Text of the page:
Fast spin-echo magnetic resonance imaging (MRI) can be used to evaluate plexus injuries noninvasively in a relatively short time, minimizing the need for general anesthesia. MRI can define meningoceles and may distinguish between intact nerve roots and pseudomeningoceles (indicative of complete avulsion).
Carefully performed, intrathecally enhanced CT myelography may show preganglionic disruption, pseudomeningoceles, and partial nerve root avulsion. CT myelography is more invasive and offers few advantages over MRI.
Management consists of prevention of contractures. Immobilize the limb gently across the abdomen for the first week and then start passive range-of-motion exercises at all joints of the limb. Use supportive wrist splints.
The best results from surgical repair appear to be obtained in the first year of life.  Several investigators have recommended surgical exploration and grafting if no function is present in the upper roots at age 3 months, although the recommendation for early explorations is far from universal.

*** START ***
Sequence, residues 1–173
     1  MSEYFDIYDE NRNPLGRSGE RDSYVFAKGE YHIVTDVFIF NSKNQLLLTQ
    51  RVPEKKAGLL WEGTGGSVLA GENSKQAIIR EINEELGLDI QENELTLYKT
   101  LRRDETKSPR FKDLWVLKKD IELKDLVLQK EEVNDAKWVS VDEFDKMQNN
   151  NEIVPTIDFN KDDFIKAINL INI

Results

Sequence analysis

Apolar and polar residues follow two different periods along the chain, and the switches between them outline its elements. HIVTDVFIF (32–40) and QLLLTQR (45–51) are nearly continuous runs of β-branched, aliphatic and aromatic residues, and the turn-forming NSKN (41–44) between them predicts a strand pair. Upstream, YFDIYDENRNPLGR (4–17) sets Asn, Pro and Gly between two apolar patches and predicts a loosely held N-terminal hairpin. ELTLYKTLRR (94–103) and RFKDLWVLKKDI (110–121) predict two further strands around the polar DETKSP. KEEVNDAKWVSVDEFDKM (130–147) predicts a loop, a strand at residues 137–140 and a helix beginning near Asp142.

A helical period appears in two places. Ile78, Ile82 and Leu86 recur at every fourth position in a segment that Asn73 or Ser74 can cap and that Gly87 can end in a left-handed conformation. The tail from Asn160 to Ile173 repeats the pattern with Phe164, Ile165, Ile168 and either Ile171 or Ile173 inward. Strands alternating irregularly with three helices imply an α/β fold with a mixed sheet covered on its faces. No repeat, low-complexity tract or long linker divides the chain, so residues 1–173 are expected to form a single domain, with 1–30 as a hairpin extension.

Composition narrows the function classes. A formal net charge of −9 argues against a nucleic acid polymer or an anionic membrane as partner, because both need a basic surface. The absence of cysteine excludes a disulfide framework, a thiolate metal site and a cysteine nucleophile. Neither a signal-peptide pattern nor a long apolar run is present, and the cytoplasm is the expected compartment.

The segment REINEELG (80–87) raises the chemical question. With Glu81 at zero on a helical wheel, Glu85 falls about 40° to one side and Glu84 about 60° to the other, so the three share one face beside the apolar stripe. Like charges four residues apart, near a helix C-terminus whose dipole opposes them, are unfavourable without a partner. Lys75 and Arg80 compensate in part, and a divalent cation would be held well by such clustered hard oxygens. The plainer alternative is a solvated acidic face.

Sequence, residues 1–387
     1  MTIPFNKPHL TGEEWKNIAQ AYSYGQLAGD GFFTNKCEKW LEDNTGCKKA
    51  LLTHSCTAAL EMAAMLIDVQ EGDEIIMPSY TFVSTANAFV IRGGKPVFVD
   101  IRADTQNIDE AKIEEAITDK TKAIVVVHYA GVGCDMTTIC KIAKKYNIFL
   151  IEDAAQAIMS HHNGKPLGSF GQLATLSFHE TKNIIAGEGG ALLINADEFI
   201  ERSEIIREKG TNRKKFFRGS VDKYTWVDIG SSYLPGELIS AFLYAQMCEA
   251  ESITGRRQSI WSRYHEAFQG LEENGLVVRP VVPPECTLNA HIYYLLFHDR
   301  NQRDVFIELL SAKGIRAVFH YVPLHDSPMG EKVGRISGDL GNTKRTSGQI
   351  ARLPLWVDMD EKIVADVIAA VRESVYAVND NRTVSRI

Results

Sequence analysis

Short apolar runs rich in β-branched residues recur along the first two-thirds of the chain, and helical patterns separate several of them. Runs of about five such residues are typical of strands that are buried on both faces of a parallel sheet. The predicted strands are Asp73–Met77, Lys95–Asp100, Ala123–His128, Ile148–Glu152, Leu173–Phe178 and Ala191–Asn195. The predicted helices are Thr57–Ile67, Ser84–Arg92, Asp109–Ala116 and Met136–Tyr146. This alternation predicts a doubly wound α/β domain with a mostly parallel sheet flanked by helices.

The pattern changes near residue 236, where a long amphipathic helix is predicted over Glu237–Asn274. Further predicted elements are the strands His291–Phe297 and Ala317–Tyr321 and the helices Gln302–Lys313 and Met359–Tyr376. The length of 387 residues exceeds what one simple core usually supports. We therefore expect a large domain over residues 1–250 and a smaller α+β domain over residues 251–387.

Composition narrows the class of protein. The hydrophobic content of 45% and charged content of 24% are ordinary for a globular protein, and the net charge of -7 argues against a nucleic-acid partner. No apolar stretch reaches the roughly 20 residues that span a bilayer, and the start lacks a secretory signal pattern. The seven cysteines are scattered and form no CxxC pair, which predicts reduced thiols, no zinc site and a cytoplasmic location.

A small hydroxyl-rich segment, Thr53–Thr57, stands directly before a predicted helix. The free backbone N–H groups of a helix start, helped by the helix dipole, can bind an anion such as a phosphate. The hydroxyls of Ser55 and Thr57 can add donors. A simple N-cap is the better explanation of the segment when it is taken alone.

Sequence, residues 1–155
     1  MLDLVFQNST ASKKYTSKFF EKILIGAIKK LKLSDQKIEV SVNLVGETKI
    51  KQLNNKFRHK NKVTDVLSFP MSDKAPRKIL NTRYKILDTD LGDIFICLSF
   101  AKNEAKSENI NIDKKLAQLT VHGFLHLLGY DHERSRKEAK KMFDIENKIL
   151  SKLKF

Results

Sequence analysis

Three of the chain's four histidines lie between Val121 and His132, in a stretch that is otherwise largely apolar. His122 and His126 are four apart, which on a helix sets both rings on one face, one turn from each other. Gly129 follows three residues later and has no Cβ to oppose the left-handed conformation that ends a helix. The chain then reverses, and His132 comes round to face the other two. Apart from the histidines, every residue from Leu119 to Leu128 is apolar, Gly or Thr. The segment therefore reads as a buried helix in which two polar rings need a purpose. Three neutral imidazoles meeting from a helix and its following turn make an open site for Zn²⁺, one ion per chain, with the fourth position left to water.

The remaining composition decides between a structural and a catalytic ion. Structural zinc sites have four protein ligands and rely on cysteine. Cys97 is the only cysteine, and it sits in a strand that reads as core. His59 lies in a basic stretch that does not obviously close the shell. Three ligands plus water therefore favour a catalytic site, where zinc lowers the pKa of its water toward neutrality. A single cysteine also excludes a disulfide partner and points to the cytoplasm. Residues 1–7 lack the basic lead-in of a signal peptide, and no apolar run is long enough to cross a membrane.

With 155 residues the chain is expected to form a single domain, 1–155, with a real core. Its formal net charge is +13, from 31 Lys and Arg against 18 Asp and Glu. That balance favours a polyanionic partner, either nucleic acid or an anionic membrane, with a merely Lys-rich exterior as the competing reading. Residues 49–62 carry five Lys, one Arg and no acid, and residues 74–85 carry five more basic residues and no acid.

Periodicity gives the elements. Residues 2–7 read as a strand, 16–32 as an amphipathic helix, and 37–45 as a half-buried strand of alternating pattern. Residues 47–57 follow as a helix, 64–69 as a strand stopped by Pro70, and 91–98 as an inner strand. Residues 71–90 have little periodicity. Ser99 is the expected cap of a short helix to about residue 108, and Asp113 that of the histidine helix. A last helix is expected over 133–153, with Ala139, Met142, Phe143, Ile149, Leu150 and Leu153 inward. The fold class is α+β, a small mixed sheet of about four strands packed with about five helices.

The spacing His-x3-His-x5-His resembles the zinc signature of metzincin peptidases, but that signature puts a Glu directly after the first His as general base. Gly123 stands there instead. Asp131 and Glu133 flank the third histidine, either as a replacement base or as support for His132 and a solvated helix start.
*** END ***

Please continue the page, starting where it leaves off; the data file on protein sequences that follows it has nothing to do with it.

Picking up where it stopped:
Complications of brachial plexus exploration include infection, poor outcome, and burns from the operating microscope. Patients with root avulsion do not do well.
Palliative procedures involving tendon transfers have been of some use. Results from a study by Ruchelsman et al of 21 children who suffered brachial plexus birth injury indicated that patients who have no active wrist extension following the trauma can be successfully treated with a tendon transfer but that surgical outcomes tend to be worse in patients with global palsy. 
Latissimus dorsi and teres major transfers to the rotator cuff have been advocated for improved shoulder function in Erb palsy. One permanent and 3 transitory axillary nerve palsies have been reported from the procedure.
Cranial nerve and spinal cord injuries result from hyperextension, traction, and overstretching with simultaneous rotation; they may range from localized neurapraxia to complete nerve or cord transection.
Compression by the forceps blade has been implicated in some facial nerve injury, but most facial nerve palsy is unrelated to trauma from obstetric instrumentation (eg, forceps). The compression appears to occur as the head passes by the sacrum.
Physical findings for central nerve injuries are asymmetrical facies with crying. The mouth is drawn towards the normal side, wrinkles are deeper on the normal side, and movement of the forehead and eyelid is unaffected. The paralyzed side is smooth with a swollen appearance, the nasolabial fold is absent, and the corner of the mouth droops. No evidence of trauma is present on the face.